A former donor to UKIP has inexplicably responded to a Times columnist’s article condemning a Russian anti-gay law, by taking out an advert in the Telegraph and claiming that homophobia does not exist.

Demetri Marchessini took out the full-page ad in the Telegraph, responding to Libby Purves’ Times column.

In it, Marchessini, who donated £10,000 to UKIP in 2013, wrote an open letter in the advert, which appears in today’s Telegraph on page 27. He attacks Puves for her “pro-gay” stance for her 20 January Times column titled ‘Surprise, surprise: dictators are also bigots’.

“One of the fascinating questions about journalistic life in London is why the well-known columnist Libby Purves, who has clearly stated that she does not believe in religion, repeatedly tells those who do believe in religion, what they should think,” the open letter begins.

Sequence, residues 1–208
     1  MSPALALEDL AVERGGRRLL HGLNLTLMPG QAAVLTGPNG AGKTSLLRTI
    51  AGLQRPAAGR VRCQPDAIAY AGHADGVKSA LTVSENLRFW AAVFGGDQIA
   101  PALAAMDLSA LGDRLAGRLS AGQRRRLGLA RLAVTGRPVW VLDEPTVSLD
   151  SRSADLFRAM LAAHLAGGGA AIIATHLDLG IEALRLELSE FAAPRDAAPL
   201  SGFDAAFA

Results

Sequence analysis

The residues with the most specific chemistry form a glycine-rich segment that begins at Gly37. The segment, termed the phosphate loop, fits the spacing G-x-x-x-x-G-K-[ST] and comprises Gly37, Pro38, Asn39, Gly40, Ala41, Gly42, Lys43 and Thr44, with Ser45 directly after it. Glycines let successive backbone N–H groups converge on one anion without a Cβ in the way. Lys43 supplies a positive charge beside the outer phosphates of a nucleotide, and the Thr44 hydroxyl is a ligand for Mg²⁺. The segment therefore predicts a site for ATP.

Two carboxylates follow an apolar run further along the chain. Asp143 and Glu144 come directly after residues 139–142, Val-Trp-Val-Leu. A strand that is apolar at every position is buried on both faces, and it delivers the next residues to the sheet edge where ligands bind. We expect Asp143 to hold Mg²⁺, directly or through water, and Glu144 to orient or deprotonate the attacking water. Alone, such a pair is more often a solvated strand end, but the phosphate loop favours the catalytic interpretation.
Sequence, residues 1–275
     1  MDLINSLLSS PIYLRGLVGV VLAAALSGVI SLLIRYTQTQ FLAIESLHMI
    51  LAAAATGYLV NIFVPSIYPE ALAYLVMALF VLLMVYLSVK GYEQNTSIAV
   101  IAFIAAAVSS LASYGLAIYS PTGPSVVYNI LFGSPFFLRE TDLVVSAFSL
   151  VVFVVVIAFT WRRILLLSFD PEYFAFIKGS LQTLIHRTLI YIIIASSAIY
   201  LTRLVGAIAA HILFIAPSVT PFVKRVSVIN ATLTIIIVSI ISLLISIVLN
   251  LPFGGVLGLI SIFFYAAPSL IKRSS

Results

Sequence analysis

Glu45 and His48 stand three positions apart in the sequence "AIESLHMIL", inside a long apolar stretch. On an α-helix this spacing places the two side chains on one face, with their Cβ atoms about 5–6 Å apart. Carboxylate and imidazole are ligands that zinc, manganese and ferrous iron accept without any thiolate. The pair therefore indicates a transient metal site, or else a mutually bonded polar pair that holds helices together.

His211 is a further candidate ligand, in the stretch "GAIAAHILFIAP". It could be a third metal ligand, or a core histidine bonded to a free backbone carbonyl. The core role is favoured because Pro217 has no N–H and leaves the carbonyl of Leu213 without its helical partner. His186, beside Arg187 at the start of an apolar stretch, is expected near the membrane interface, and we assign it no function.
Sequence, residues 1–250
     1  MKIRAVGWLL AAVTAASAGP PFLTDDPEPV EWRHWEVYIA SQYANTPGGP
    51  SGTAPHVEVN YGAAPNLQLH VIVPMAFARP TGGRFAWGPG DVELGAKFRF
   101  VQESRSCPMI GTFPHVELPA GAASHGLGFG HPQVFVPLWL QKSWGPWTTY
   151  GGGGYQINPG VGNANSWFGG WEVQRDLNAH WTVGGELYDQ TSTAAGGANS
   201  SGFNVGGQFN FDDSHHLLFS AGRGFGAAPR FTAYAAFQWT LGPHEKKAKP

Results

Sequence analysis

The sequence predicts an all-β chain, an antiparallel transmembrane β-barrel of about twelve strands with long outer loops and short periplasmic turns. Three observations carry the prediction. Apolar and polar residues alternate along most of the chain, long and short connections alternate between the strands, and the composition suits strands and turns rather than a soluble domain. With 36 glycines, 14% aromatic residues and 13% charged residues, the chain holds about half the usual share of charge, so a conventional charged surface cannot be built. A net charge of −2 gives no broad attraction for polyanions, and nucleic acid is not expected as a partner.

He goes on to claim that within Christianity, homosexuality has been considered a sin for over 2,000 years, and claims that the word “homophobic”, is not real, and that it does not appear in dictionaries.

UKIP Purves

The letter appeared in the Telegraph (Image: Twitter)

Marchessini then points out “several serious inaccuracies in Miss Purves’ column”, saying: “It has already been repeatedly explained to her, that there is no such word as ‘homophobic’. It cannot be found in any dictionary, nor does it have any meaning.” (PinkNews notes that the word appears in various dictionaries both printed and online)

The Greek-born businessman then writes: “What Miss Purves and many others cannot grasp is the fact that when our government made homosexuality legal, it did not make it moral. Governments can decide on laws, but only God decides on morality. How can anybody, let alone Miss Purvis [sic], tell people what they should think about homosexuality?”

And concludes: “How can we persuade Miss Purves to comment on something that she knows more about?”

Purves tweeted dismissing Marchessini as “a joke”, but goes on to say that the persecution of Russian LGBT people is not a joke.

Marchessini has in the past taken out similar ads to complain about columns, and at one point published an e-book which criticised women who wear trousers.